You will quickly notice how the game looks quite stunning. Psychedelic lighting, smooth layers in colors, and coupled with particle effects that are a sight to behold, it’s almost euphoria inducing. You will want to spend hours just looking at the game rather then playing it. My advice is to play the game in a dim lit room, as your experience will be more enhanced. Though with these beautiful effects comes with a price. As it does take some getting used to, especially with bullets being really small and hard to tell apart with everything else that’s going on.
The stages have that Geometry War-style to it, but also the vertical view, something on the line of games like Radiant Silvergun and Ikruaga. Even the likes of old classics like Galaga were felt.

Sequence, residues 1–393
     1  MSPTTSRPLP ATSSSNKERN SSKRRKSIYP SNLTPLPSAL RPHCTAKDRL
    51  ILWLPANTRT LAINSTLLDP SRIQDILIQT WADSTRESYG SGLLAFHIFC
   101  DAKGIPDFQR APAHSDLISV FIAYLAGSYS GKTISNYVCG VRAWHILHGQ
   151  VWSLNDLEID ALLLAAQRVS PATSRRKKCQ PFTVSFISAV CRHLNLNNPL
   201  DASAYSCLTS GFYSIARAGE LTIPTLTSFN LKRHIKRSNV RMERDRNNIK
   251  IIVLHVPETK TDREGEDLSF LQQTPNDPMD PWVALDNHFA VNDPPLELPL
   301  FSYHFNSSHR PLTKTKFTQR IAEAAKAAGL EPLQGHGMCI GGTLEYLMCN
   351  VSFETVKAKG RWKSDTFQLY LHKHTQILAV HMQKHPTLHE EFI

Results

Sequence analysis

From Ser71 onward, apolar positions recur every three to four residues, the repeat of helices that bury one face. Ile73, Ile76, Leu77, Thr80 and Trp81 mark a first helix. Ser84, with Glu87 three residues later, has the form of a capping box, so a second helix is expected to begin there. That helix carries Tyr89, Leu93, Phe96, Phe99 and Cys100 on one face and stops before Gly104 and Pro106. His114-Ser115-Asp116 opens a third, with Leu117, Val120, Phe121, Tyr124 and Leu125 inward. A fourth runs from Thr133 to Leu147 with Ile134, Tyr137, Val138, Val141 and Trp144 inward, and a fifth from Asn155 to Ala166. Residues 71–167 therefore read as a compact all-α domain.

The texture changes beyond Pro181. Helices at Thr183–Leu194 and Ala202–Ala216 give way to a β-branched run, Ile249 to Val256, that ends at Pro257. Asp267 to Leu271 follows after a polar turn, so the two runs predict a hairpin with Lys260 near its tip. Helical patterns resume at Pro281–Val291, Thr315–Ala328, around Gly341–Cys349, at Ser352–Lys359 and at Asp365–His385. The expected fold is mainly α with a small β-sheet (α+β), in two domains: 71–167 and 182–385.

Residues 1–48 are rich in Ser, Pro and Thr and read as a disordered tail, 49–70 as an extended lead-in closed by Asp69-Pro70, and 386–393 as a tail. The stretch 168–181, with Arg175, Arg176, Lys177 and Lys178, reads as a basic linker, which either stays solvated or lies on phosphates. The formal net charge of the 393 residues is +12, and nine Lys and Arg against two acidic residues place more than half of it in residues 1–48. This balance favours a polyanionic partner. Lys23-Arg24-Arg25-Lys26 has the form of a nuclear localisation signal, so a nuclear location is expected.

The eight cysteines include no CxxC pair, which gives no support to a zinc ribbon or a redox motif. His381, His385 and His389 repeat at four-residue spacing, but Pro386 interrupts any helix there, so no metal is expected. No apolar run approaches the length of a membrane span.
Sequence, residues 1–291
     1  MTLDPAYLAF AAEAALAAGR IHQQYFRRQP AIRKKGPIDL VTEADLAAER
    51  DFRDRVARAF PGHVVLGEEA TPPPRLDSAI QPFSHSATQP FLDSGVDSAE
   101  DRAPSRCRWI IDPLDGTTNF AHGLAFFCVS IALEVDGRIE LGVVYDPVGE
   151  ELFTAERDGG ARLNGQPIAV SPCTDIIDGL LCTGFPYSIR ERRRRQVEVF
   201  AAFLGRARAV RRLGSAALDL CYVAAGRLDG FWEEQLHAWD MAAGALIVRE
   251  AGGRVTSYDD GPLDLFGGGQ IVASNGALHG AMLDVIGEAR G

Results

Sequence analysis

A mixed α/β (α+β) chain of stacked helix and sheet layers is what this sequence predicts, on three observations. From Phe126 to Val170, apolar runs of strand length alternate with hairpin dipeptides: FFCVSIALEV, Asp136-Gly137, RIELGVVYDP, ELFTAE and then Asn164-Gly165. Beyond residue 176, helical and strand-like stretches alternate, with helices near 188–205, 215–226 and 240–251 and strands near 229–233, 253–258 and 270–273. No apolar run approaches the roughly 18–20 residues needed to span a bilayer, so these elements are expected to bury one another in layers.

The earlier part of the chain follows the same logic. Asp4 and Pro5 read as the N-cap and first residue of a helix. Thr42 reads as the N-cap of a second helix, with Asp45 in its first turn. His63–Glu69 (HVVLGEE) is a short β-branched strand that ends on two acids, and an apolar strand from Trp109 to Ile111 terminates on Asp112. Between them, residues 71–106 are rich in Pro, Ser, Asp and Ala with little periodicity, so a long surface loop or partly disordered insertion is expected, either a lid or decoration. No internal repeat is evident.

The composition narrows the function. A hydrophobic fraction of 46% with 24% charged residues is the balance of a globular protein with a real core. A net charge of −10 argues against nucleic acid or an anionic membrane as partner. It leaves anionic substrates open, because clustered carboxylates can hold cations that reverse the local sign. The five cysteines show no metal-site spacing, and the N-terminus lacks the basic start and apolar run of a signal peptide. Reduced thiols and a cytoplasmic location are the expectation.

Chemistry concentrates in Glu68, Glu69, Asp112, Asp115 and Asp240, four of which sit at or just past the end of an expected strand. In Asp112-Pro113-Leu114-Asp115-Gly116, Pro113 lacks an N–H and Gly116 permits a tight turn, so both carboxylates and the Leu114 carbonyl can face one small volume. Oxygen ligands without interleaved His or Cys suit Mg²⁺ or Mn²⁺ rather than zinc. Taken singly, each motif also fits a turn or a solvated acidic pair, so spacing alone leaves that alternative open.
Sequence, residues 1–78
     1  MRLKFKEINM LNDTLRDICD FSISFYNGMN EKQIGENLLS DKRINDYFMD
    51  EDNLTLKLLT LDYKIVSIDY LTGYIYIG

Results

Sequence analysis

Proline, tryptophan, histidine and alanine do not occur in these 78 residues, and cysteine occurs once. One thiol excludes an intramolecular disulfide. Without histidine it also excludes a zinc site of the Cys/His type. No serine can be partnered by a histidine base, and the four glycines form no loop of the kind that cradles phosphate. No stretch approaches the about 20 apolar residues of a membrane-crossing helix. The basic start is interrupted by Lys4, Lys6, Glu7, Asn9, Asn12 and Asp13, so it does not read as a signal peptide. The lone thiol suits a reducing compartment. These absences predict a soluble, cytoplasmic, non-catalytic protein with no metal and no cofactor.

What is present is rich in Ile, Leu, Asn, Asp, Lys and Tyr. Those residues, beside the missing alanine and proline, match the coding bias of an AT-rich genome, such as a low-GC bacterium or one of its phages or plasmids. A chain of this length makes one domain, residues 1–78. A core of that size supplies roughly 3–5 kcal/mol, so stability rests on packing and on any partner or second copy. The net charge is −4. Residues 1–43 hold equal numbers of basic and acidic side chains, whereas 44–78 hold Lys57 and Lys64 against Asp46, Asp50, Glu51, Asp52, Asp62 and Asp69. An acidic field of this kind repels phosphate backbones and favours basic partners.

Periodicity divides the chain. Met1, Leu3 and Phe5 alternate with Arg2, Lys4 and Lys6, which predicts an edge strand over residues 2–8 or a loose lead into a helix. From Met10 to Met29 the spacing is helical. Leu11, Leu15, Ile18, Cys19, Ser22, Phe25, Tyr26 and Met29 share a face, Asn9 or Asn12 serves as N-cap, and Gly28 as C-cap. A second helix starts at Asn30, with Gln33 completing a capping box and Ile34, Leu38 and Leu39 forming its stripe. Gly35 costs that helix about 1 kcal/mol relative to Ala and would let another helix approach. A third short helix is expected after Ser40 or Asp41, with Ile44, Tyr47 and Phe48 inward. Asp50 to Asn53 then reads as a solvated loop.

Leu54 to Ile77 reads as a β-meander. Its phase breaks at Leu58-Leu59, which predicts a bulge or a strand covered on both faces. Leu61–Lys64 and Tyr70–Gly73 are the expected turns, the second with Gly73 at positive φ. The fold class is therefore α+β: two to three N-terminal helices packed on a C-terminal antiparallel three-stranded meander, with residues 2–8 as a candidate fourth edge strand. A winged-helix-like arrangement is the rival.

Enemies spawn from front & sides, firing at you with the beat of the music. Killing an entire wave of enemies nets you a “Wave Bonus Chain”, and while killing enemies they drop “Inspiration”. Collecting inspiration & wave bonus chains before the indicator disappears keeps you in a multiplier. “Kudos” is earned at the end of a song. What determines how much “Kudos” you get is what difficulty you’re playing on, how many chain bonuses you achieved, and how well your over-all performance was.(The amount of enemies killed to the amount of deaths that occurred). Unlike most Shmups, you won’t die in one hit. In fact “Inspiration” also acts as a sort-of medkit for you ship. While this design choice may sound like the game is easier because of it; trust me, it isn’t.